Below is an article from our Affirmative Action Media Monitoring Project. These articles represent a wide variety of views. These views do not necessarily represent the views of AAPF but instead are intended to provide you with an overview of the current affirmative action debate.
May 4, 2011
Johannesburg – The Johannesburg Labour Appeal Court on Wednesday reserved judgement on an attempt by the SAPS to contest an earlier ruling promoting a white woman police officer to superintendent.
Trade union Solidarity, which is representing Captain Renate Barnard, said it was expected to take between three months and a year for a ruling to be made.
The union’s Dirk Hermann said arguments in court on Wednesday centred on how to apply affirmative action in line with the Constitution. He said the matter might end up in the Constitutional Court.
On February 26 last year the Labour Court ordered the police to promote Barnard to superintendent after she was denied the move because of her skin colour.
“She applied for a promotion as superintendent of the complaints investigation unit for the first time in 2005. She has been working as a captain in the same unit since 2004,” Hermann said.
A selection panel twice identified Barnard as the best candidate for the post in the inspectorate, created to improve service delivery to the public. The job was advertised in September 2005. Barnard and other candidates applied for it.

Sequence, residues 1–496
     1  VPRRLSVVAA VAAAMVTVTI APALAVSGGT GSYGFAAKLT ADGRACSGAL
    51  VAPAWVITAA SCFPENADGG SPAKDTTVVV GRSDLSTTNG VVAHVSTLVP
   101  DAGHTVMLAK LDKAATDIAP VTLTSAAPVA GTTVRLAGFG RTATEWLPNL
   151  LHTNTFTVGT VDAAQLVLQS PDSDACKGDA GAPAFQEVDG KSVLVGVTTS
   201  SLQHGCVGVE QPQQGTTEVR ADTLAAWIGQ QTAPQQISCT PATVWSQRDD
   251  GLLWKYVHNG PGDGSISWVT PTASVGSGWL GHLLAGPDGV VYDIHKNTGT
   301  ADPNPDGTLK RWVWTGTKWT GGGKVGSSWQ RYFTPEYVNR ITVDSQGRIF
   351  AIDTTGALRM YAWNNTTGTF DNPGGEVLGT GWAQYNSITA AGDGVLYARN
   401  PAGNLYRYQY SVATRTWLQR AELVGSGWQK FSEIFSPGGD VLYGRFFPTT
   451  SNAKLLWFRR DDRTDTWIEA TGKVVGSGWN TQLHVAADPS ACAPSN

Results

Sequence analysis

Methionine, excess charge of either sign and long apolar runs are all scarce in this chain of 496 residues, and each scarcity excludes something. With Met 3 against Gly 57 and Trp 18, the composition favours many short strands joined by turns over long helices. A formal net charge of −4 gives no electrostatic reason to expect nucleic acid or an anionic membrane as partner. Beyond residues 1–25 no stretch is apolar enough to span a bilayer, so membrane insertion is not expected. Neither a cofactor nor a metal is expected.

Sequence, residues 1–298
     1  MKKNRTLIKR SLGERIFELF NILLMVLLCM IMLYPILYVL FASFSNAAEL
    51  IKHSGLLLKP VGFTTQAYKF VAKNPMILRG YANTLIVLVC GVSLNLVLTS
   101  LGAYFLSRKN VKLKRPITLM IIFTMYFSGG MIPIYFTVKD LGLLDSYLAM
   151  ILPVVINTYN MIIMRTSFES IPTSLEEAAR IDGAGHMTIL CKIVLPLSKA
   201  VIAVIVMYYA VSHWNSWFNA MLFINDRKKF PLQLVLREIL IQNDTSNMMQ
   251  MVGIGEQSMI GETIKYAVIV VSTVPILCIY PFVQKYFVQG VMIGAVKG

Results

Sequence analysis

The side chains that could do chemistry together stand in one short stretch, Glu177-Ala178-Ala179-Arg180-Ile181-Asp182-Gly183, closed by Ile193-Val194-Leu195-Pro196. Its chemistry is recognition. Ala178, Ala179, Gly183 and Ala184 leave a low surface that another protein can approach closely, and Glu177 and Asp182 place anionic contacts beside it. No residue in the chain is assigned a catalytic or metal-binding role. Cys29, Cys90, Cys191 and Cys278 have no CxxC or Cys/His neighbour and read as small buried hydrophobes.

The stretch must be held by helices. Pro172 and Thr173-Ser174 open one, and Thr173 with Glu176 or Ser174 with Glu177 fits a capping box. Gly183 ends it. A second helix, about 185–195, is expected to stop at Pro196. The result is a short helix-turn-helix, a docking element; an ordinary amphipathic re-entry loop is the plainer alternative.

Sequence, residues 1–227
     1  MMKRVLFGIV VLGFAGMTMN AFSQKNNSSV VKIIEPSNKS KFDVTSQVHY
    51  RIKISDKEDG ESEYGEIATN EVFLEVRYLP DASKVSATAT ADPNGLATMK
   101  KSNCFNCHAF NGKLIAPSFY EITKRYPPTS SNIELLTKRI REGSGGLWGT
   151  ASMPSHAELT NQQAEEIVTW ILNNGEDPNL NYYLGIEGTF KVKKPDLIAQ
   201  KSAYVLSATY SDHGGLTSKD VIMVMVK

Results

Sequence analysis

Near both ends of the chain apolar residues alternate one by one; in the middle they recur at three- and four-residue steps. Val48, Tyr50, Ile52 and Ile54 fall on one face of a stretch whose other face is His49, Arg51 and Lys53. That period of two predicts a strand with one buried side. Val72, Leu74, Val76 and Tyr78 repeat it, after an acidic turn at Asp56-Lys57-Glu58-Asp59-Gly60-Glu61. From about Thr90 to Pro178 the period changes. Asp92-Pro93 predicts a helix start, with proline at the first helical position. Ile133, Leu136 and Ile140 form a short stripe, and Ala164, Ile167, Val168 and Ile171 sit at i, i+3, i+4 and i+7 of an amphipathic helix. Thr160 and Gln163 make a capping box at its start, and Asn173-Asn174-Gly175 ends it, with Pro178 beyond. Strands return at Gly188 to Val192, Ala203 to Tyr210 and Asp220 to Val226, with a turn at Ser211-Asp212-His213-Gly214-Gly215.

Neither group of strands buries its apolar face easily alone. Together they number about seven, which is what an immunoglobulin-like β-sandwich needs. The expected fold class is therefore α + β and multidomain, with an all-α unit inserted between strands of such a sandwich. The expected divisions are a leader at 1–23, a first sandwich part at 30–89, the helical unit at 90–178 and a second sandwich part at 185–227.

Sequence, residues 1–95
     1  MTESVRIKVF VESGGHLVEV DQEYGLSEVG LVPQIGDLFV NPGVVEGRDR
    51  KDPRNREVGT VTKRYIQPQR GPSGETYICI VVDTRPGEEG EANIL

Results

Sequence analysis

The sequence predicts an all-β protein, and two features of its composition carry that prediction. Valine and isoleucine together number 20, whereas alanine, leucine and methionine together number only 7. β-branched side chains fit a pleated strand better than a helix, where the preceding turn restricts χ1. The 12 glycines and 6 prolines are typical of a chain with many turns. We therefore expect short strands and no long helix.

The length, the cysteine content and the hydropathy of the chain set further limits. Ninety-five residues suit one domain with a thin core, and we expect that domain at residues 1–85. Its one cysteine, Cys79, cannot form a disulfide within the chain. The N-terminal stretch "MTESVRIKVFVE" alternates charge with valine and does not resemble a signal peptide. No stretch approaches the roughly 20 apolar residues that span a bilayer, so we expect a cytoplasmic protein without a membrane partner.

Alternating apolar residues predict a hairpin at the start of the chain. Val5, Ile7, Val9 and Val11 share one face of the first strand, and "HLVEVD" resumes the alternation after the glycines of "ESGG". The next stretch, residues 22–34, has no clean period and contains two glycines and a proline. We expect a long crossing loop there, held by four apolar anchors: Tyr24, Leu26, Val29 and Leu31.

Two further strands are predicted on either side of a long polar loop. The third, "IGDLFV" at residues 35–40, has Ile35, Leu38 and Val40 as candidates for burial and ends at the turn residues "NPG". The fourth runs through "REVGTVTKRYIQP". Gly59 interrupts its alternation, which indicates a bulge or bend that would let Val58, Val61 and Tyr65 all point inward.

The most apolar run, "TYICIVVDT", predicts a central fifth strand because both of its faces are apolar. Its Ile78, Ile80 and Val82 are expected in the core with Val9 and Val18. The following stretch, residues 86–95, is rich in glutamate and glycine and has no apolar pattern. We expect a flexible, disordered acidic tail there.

Service delivery jeopardised
After interviews were held, the panel allocated a mark of 86.67% to her, which was 17.5% higher than the next-highest score allocated to a Captain Shibambu.
The panel found the difference in Barnard and Shibambu’s scores so great that service delivery would be jeopardised if Shibambu was appointed in the post.
Although the panel recommended Barnard for appointment, Assistant Commissioner Rasegatla resolved not to appoint her because doing so would not be in line with affirmative action policies. The position was not filled.
When the position was again advertised in 2006, Barnard reapplied and was once again the most suitable candidate. This time Rasegatla decided she should be appointed. In his recommendation to former police commissioner Jackie Selebi, he pointed out that other candidates had had a year to improve to compete with her, but had not done so. Selebi turned down her appointment on the grounds that it would not promote affirmative action.
He subsequently withdrew the post